Spain will sponsor a new Middle East peace initiative along with France
and Italy, the Spanish prime minister said Thursday, stressing that the
international community cannot remain idle as violence rages between
Israel and the Palestinians.
Zapatero announced the initiative during a summit with the French President Jacques Chirac of France.
"Peace between Israel and the Palestinians means to a large extent peace on the international scene," Zapatero told a news conference.
"We cannot remain impassive in the face of the horror that continues to unfold before our eyes," Zapatero said.
There are hopes in Europe for a greater voice in world affairs, particularly after midterm US elections in which voters punished President George W. Bush and gave control of Congress to the Democrats.
Many on this side of the Atlantic hope the results will usher in a more humble US foreign policy, in which Washington seeks the advice and input of its European allies, rather than dictating policy to them.
There was no immediate reaction from Israel, the Palestinians or Washington to Thursday's announcement.
Zapatero cited the Israeli shell blast that killed 19 people last week in a Palestinian village and the death this week of an Israeli woman in a Palestinian rocket attack.
The violence, he said, "has reached a level of deterioration that requires determined, urgent action by the international community."
The peace plan will be presented to an EU summit next month, Zapatero said, adding he hopes to win the backing of Britain and Germany as well.
He said it had five components: an immediate cease-fire, formation of a national unity government by the Palestinians that can gain international recognition, an exchange of prisoners – including the IDF soldiers whose kidnapping sparked the war in Lebanon and fighting in Gaza this summer – talks between Israel's prime minister and the Palestinian Authority Chairman and an international mission in Gaza to monitor a cease-fire.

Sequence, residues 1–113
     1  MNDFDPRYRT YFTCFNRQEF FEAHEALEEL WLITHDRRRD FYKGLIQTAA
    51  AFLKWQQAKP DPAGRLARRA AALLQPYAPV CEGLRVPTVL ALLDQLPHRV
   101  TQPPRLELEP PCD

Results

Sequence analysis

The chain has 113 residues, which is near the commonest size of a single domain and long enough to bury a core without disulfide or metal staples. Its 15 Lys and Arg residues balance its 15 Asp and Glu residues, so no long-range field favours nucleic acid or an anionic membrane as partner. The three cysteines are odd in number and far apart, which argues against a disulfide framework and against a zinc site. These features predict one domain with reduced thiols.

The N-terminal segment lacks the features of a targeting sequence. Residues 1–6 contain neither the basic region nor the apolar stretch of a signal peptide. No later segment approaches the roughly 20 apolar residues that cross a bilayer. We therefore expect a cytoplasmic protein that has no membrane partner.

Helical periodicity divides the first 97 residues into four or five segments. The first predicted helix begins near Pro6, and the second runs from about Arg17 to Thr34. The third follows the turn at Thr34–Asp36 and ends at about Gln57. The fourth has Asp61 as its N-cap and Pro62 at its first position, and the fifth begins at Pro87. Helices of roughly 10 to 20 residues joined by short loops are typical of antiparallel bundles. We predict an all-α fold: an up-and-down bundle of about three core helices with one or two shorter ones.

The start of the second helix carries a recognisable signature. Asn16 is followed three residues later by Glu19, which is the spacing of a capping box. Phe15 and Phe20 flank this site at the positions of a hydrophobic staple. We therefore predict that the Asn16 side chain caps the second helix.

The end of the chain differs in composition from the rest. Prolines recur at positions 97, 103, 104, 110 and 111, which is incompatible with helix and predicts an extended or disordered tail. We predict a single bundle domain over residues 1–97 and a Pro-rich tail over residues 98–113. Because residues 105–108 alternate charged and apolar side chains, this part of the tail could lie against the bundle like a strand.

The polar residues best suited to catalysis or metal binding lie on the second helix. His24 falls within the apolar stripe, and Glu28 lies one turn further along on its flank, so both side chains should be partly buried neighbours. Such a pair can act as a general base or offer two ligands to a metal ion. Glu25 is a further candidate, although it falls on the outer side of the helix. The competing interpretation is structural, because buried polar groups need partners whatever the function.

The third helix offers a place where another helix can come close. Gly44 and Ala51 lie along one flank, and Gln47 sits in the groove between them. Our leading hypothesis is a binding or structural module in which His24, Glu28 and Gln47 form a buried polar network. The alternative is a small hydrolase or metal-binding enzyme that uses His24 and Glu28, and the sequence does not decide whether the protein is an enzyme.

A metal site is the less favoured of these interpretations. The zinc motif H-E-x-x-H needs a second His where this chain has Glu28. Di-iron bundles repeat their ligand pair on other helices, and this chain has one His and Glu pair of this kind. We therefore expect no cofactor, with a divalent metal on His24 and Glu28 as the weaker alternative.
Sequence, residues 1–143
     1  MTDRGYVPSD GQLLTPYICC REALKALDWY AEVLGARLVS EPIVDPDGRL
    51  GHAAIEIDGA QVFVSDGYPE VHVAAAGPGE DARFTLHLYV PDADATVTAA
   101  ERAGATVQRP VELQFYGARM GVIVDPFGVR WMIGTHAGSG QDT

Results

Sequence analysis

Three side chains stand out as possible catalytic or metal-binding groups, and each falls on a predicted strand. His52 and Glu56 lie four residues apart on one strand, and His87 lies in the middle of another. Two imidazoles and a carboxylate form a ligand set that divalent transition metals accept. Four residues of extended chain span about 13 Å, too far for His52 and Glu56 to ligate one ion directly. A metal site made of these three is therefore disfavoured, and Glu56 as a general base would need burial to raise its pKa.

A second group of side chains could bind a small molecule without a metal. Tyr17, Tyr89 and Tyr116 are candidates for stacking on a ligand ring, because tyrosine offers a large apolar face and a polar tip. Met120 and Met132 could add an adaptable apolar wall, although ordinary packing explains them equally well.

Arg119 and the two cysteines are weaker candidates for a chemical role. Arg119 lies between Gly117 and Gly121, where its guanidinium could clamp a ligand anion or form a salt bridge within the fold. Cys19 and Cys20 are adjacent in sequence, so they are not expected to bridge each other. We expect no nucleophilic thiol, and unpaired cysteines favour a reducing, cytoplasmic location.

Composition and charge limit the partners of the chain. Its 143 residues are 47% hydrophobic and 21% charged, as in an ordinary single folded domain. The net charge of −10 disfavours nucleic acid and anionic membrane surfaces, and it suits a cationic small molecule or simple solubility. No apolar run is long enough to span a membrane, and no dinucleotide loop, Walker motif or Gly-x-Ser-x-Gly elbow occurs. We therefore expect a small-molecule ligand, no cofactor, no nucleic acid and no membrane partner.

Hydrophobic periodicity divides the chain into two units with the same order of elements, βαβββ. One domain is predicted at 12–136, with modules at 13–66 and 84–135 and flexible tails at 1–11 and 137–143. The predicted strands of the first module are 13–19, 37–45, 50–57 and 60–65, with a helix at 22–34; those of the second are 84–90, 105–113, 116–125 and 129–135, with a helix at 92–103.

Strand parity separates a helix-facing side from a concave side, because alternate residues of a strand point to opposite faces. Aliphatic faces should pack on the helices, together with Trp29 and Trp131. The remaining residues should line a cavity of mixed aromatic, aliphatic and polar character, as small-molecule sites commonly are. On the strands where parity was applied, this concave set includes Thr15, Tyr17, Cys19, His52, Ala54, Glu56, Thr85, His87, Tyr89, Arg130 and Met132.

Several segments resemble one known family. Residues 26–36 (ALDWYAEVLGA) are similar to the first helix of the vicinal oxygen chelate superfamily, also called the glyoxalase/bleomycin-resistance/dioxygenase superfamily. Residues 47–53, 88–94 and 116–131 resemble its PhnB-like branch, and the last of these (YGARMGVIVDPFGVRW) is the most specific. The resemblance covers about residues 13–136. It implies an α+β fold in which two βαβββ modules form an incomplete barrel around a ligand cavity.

Eventually, a major international conference on Middle East peace should be held, he added, but did not specify if such a meeting should take place in Spain.
Spain hosted a landmark peace conference in 1991 that laid the groundwork for the Oslo accords, which in turn led to the creation of the Palestinian Authority.
Middle East peace, Zapatero said, "is one of the factors that can contribute most to cornering fanaticism and terrorism."
Europe's efforts to help broker a peace deal have hit some speed bumps recently, and the continent could face problems this time as well. Many in Israel view European leaders as pro-Palestinian and are wary of their motives.
Last month, Spanish Foreign Minister Miguel Angel Moratinos, a leading European voice on the Middle East, said that the "road map" plan for peace between Israel and the Palestinians was fatally stalled and that Europe should take the initiative to come up with a new plan.
Israeli and Palestinian officials were quick to reject his comments as overly pessimistic. Both sides insisted that the road map was not dead, just in serious need of a mechanism for implementation.
The US-backed road map, devised in 2003, called for the creation of a sovereign Palestinian state alongside Israel, but it never got off the ground because neither side lived up to even their initial commitments under the blueprint.